See Also: EventInfo Members
System.Reflection.EventInfo is not intended to be used to raise events. An object raises events as dictated by its internal state.
Events are used with delegates. An event listener instantiates an event-handler delegate that is invoked whenever the event is raised by an event source. In order to connect to the event source, the event listener adds this delegate to the invocation list on the source. When the event is raised, the invoke method of the event-handler delegate is called. Both multicast and single-cast event notifications are supported. The Add and Remove methods, as well as the event-handler delegate class associated with an event, must be marked in the metadata.
Delegates are object-oriented function pointers. In C or C++, a function pointer is a reference to a method. In contrast to the C or C++ function pointer, a delegate contains two references: a reference to a method and a reference to an object that supports the method. Delegates can invoke a method without knowing the class type that declares or inherits the method. Delegates need only know the return type and parameter list of the method.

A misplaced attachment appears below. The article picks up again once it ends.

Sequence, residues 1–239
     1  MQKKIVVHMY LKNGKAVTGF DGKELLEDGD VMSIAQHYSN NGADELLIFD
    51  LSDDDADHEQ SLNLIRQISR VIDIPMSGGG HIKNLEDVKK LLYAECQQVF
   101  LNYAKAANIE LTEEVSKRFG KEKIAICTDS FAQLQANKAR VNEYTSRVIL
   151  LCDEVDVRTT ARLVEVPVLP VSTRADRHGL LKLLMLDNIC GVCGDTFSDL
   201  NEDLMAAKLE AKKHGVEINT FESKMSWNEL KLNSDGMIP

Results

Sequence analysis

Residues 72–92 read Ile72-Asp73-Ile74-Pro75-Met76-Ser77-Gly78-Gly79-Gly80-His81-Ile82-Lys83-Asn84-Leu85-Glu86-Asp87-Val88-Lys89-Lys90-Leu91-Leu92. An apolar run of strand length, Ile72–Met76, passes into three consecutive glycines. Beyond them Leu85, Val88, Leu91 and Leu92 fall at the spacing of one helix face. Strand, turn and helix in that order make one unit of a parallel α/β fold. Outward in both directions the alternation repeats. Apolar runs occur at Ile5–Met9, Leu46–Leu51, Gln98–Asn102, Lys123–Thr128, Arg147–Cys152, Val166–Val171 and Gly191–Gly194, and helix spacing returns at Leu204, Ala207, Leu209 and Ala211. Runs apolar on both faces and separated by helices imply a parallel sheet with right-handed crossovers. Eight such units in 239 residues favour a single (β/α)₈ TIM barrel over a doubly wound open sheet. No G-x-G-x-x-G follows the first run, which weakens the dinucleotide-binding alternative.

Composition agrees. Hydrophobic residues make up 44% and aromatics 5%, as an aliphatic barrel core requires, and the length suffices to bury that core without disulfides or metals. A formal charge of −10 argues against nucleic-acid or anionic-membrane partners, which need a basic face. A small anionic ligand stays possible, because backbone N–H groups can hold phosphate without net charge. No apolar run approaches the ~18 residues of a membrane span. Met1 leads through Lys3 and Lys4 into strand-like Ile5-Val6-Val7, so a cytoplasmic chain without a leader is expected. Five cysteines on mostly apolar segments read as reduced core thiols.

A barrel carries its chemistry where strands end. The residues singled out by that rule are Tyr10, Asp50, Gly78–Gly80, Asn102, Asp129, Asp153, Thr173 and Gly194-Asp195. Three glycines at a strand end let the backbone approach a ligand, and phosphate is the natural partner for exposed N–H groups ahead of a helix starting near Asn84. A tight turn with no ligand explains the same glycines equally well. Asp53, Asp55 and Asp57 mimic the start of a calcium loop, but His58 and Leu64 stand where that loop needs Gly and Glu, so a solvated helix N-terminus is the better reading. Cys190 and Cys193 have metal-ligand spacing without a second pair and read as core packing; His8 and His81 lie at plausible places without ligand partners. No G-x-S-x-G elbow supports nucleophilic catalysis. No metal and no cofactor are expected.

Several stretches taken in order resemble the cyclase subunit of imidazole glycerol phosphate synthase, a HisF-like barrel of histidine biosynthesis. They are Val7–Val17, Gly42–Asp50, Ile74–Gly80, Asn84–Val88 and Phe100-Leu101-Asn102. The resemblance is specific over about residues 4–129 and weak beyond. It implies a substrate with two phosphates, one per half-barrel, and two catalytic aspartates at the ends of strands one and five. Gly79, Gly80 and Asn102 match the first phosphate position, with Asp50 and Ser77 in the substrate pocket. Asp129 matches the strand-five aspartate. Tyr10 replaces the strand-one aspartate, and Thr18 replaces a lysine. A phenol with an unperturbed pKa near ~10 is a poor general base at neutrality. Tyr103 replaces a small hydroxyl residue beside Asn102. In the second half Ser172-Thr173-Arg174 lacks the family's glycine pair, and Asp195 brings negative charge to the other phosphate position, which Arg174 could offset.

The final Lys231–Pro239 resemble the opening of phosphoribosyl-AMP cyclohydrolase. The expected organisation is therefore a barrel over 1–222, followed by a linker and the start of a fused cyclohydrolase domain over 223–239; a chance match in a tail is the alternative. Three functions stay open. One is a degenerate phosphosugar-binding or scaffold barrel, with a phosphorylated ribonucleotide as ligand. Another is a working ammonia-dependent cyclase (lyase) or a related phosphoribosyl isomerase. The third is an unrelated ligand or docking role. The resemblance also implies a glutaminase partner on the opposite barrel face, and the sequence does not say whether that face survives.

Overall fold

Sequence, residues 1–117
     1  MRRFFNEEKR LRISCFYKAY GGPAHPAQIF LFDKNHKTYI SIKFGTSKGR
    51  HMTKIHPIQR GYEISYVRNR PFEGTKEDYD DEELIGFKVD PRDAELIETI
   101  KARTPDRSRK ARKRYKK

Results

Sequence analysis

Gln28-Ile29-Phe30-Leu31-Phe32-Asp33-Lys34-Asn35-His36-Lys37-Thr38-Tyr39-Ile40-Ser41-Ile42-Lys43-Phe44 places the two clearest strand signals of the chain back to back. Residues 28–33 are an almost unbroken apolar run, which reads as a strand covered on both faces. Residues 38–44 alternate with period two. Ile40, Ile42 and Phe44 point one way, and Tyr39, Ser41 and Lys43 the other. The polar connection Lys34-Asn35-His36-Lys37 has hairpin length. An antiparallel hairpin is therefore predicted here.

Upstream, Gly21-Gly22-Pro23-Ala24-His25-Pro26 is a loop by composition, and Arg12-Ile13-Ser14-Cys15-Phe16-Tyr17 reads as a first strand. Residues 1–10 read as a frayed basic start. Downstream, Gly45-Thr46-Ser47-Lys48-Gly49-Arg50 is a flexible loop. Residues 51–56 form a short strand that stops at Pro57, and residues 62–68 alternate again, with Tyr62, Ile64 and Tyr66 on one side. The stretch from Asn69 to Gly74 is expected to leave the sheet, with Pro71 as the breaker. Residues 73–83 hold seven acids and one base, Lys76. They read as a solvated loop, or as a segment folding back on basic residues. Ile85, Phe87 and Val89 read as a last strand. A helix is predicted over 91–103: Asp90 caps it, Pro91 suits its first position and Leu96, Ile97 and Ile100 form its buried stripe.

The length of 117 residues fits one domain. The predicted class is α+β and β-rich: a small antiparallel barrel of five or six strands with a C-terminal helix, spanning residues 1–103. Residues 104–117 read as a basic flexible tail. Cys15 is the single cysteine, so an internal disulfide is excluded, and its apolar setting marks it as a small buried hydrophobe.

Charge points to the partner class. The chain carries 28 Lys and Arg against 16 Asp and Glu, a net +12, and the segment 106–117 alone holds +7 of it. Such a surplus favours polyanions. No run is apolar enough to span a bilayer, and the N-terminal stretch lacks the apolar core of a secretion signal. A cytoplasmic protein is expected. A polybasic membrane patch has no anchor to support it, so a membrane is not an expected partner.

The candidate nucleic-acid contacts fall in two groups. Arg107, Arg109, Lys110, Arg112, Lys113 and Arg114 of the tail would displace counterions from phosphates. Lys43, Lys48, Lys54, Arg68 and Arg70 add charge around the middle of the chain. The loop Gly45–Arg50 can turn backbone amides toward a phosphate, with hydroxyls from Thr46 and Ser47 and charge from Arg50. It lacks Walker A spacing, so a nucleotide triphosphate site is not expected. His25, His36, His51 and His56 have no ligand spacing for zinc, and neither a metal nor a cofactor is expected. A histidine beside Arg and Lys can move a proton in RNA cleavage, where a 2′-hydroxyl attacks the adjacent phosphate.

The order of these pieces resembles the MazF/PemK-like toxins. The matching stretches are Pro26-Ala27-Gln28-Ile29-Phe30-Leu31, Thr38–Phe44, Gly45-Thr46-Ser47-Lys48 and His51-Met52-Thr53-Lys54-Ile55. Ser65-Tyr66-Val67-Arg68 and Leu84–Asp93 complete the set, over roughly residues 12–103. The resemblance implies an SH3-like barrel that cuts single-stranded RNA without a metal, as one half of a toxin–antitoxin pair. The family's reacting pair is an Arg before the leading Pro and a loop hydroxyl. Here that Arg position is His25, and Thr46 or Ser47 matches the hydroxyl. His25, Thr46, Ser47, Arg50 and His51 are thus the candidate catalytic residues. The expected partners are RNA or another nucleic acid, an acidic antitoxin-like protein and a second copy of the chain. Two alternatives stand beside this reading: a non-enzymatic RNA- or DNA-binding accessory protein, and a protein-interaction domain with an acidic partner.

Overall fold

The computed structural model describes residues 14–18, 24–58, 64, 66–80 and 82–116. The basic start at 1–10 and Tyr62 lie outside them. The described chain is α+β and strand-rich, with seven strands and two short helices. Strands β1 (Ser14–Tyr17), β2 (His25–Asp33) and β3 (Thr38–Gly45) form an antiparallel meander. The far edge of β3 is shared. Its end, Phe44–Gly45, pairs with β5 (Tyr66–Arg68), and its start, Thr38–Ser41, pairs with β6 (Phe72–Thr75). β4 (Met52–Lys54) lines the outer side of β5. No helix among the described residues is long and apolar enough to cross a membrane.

The event model works equally well for single-cast and multicast delegates. When the delegate's invoke method is called, only a single object will have a method called on it. A multicast modifier can be applied to a delegate declaration, which allows multiple methods to be called when the invoke method of the delegate is called.
Calling ICustomAttributeProvider.GetCustomAttributes(Type, bool) on EventInfo when the inherit parameter of GetCustomAttributes is true does not walk the type hierarchy. Use Attribute to inherit custom attributes.